NEWS | July 27, 2021

Fires involving smoking materials are preventable

By Jessie R. Moreno Fire Protection Inspector, 902nd CES

Home is the place where we are supposed to feel the safest. However, home is where most structure fires, deaths, and injuries due to smoking materials occur.

In fact, smoking materials are the leading cause of fire deaths. These fires are preventable.

According to the National Fire Protection Association, or NFPA, from 2021 to 2016, an estimated annual average of 18,100 (5%) reported home structure fires started by smoking materials, including cigarettes, pipes, and cigars,  killed an average of 590 (23%) people annually, injured 1,130 (10%) per year, and caused $476 million in direct property damage (7%) per year.

One in 20 home (5%) home structure fires were started by smoking materials. These fires caused almost one in four (23%) home fire deaths, and one in 10 (10%) home fire injuries.

Smoking was the leading cause of home fire deaths for the five-year period of 2012-2016. Overall, one of every 31 home smoking material fires resulted in death.

The leading area of origin for home smoking fires in 2012-2016 was an exterior balcony or open porch (18%).

Forty-three percent of the deaths were caused by fires that started in the living room. One-third (34%) were caused by fires that began in the bedroom.

The NFPA has developed a number of safety tips to hopefully reduce these tragic numbers:

Smoking safety

  • If you smoke, use only fire-safe cigarettes.
  • If you smoke, smoke outside. Most deaths result from fires that started in living rooms, family rooms, dens and bedrooms.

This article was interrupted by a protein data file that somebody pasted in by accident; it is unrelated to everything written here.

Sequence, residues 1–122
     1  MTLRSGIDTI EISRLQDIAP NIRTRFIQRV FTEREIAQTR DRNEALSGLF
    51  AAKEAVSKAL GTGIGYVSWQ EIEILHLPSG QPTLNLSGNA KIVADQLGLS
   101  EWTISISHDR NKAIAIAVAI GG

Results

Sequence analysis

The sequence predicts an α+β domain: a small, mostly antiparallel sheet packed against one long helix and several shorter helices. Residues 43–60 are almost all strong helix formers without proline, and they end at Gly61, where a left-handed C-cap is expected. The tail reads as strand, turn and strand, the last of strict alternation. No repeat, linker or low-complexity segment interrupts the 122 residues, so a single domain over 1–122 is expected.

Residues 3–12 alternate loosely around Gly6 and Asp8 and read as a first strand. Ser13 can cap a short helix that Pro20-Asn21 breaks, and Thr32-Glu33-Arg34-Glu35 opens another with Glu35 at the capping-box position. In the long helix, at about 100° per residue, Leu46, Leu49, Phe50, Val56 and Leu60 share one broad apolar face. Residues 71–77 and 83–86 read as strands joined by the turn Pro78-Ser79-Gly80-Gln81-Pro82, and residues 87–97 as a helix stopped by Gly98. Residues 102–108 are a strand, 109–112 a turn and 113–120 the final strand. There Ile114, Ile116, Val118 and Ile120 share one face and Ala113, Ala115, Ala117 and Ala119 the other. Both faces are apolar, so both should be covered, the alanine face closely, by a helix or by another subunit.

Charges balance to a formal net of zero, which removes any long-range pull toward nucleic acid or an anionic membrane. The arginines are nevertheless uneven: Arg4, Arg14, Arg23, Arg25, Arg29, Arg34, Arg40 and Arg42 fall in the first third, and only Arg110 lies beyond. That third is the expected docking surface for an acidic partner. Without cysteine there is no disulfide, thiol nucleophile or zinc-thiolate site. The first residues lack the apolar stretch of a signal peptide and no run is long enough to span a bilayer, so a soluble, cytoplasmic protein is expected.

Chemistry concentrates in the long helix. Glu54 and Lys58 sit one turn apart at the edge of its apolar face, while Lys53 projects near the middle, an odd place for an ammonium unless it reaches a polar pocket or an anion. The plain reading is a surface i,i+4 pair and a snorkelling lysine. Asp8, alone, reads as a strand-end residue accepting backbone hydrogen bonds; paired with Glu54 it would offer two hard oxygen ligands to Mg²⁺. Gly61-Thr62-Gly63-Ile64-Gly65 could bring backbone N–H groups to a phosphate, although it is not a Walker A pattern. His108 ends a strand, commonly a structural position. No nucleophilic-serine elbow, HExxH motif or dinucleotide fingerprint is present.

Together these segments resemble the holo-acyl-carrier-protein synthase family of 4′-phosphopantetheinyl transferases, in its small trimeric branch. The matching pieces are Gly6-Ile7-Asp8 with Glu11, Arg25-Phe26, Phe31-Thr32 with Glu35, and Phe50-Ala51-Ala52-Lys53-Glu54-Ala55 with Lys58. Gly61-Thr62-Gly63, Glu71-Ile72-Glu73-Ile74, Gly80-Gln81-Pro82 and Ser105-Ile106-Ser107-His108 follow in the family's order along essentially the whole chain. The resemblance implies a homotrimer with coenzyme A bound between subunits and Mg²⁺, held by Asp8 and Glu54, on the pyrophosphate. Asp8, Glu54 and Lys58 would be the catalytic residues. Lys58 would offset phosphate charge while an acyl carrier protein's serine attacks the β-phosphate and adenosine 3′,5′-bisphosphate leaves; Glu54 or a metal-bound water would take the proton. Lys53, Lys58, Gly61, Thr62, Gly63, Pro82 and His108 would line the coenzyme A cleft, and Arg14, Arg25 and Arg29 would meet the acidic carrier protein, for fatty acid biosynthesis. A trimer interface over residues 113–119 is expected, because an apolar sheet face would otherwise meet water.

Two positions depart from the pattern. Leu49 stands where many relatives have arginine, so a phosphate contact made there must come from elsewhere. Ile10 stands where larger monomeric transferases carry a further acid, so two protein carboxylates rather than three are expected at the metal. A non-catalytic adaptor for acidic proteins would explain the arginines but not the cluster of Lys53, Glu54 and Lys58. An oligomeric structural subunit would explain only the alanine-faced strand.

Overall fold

• Keep cigarettes, lighters, matches, and other smoking materials out of the reach of children or in a locked cabinet.
  • Never smoke in bed.
  • Be alert. Do not smoke after taking medicine that makes you drowsy and tired.

Put it out

  • Use deep sturdy ashtrays. Place it away from anything that can burn.
  • Do not discard cigarettes in vegetation such as mulch, potted plants or landscape, peat moss, dried grasses, leaves or other things that could ignite easily.
  • Before you throw away butts and ashes make sure they are out. Also, dousing in water or sand is the best way to ensure that they are in fact completely out.

Smoking and medical oxygen

  • Never allow anyone to smoke where medical oxygen is used.
  • Medical oxygen can cause materials to ignite more easily and make fires burn at a faster rate than normal. It can make an existing fire burn faster and hotter.

Electronic cigarettes

  • Fires have occurred while e-cigarettes were being used, the battery was being charged, or the device was being transported.
  • Battery failures have led to small explosions.
  • Never leave charging e-cigarettes unattended.
  • Of the 15 e-cigarette incidents reported in 2015, 13 were described as explosions and two as ignitions. Five incidents resulted in fires, three of which occurred while users were in the act of smoking and two while batteries were being charged. Twelve incidents resulted in injuries requiring medical treatment.

Facts

  • The risk of dying in a home structure fire caused by smoking materials rises with age.
  • One out of four fatal victims of smoking material fires is not the smoker whose cigarette started the fire.

For more information about smoking and home fire safety, visit the NFPA website at www.nfpa.org/education or contact the fire prevention offices at JBSA-Fort Sam Houston at 210-221-2727, at JBSA-Lackland at 210-671-2921, or at JBSA-Randolph at 210-652-6915.

(Editor’s note: Images and information contained in this article were reproduced in whole or part from www.nfpa.org.)